Then the two tanks opened fire with a deafening crash that set Burley's ears ringing despite an earlier attempt to protect his eardrums by wrapping a scarf around his head. Burley and the others formed a chain and started passing shells to the gun loaders. Coming up from a crouch while passing one round up to the man on the back of the tank, Burley struck his forehead on a bracket bolt mounted on the tank and opened an inch-long gash above one eye. Blood blinded him and the trooper was gripped by a convulsive fit of vomiting. Frantically swiping the streams of blood from his eyes so he could see enough to handle the shells and attempting to ignore the vomiting attacks, Burley kept passing the ammunition. Because the shells were being manhandled through the hatch in the top of the turret, the tank crew commanders were forced to use periscopes to direct the guns onto the target. Halfway through the shoot, one periscope lens became so covered with seawater that the crew commander was no longer able to see through it. "Somebody get up here and wipe off these periscope sights," he bellowed. Burley's crewmate, Trooper Harold Newburgh, jumped to the task by straddling the 17-pounder's barrel and reaching up from this position to wipe the periscope lens clean with a rag. Just as he finished the job, the gunner accidentally triggered the gun. The muzzle blast from a Firefly is tremendous and when the badly dazed Newburgh returned to the deck, Burley saw that the man's eyebrows had been blackened and singed by the blast. Although the LCT carried two hundred rounds of loose ammunition for use in the fire mission, Irving ordered ceasefire after each tank had fired only about thirty rounds. However, by all reports the bunker had been successfully engaged. There were no reports of B Squadron tanks being taken out by anti-tank fire from this bunker. The LCT then broke off its advance and swung back out to sea in order to land with the main body of B Squadron’s tanks. The long gun on the Fireflies made them unsuitable as Duplex Drive vehicles and as a result all of the unit’s Fireflies were in C Squadron, which was scheduled to land 45 minutes after the assault wave. However, in order to get their heavy guns into action sooner these two were landed early.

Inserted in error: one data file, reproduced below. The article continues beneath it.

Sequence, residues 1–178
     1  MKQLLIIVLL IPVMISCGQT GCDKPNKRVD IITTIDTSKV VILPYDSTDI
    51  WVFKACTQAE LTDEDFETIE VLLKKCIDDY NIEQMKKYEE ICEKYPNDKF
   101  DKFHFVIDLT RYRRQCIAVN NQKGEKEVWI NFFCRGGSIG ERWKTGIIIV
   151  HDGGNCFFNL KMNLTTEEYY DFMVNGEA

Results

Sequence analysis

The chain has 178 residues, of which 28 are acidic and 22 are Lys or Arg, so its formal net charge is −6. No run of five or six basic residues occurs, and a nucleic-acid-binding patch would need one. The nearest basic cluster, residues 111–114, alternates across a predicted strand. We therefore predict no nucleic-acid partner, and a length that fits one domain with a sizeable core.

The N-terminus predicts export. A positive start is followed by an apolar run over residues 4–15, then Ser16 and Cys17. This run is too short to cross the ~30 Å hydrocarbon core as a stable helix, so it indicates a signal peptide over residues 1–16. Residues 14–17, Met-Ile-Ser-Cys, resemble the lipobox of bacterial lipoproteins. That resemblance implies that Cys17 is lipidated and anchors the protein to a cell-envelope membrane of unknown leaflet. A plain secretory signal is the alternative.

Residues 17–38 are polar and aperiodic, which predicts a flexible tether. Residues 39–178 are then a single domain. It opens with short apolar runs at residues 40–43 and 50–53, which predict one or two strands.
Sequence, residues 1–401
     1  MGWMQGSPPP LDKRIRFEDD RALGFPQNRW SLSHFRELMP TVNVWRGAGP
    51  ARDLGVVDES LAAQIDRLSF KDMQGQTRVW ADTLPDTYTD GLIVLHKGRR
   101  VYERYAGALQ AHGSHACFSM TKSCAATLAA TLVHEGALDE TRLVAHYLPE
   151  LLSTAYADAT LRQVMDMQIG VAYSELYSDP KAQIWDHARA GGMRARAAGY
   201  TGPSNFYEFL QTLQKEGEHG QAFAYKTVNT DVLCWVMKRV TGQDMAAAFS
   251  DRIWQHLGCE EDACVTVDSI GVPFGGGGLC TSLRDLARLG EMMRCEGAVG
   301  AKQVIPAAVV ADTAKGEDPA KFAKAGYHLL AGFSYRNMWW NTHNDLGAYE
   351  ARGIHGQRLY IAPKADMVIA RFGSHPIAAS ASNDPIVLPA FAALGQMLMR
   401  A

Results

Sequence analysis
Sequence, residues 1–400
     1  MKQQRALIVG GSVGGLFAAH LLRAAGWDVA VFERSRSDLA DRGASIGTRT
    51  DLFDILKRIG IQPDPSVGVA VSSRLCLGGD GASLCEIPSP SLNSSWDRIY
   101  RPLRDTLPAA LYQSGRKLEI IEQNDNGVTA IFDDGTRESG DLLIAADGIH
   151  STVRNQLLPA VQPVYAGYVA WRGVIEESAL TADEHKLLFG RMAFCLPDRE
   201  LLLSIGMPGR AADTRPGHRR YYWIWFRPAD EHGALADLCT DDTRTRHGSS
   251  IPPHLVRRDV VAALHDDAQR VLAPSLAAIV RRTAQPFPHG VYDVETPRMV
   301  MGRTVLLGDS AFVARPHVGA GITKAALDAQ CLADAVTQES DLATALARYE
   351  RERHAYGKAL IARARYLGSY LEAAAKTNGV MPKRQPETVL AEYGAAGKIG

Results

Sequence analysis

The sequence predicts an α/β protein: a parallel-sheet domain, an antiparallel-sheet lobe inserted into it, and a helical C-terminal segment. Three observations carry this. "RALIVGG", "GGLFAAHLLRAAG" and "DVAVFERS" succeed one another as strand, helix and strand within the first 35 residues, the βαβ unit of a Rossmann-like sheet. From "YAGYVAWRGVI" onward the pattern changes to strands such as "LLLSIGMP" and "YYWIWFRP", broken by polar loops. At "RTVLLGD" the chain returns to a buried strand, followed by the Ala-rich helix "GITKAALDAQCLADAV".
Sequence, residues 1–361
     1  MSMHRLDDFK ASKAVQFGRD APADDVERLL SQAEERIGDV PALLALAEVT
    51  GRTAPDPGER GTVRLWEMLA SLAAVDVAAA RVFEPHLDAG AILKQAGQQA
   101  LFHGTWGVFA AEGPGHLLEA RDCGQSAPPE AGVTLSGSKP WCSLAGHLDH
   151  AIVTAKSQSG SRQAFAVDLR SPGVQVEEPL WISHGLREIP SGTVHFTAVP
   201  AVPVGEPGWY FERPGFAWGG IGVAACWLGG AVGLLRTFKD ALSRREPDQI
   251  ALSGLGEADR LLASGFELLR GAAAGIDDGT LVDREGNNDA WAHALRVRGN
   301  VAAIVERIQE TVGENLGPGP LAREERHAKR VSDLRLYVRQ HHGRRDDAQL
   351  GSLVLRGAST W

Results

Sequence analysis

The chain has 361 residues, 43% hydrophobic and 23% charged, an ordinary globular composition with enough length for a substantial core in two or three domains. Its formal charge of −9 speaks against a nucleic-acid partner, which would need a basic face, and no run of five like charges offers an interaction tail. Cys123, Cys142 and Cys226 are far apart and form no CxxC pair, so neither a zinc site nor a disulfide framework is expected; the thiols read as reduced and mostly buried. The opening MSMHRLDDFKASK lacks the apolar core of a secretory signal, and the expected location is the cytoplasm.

The 88mm bunker on NAN GREEN. Note the many hits

Approaching the shore Trooper Burley and the rest of the ammo passing party were huddled down behind the protective cover of the tanks inside the LCT'S armoured hull because of the heavy small-arms fire striking the craft. On the bridge, one of the Royal Navy sailors was returning fire with a pintle-mounted 20-millimetre machine gun. When Burley looked up to see how the man was doing, he was no longer visible and the weapon was burning. He thought German bullets must have hit it. The front ramp dropped and Burley could see the shore coming up fast. "What's that sticking out of the water near shore?" Burley shouted to one of the sailors. "Looks like bulrushes to me.""Bulrushes be damned," the man bellowed. "They're mines on cedar posts." That should make it pretty exciting, he thought. As the LCT started weaving through the obstacles he could hear posts scraping against the sides of the craft, but no mines exploded. Then the LCT bottomed out and the signal was given for Irving and Lamb to disembark. The tanks rolled out into water only three feet deep and Irving yelled over his shoulder how happy he was with the nearly dry landing as the two Shermans barrelled onto dry ground and headed up the beach. Unfortunately Lieut. Irving would not survive the day as he was killed that afternoon when his tank was hit by a 50 mm AT Gun.

Juno beach was covered with Hundreds of stakes topped with mines or artillery shells.